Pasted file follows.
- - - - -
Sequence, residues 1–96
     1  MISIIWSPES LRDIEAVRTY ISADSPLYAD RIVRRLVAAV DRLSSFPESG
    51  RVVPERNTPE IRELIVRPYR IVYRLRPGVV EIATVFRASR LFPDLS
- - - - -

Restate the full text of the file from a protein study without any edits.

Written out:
Sequence, residues 1–96
     1  MISIIWSPES LRDIEAVRTY ISADSPLYAD RIVRRLVAAV DRLSSFPESG
    51  RVVPERNTPE IRELIVRPYR IVYRLRPGVV EIATVFRASR LFPDLS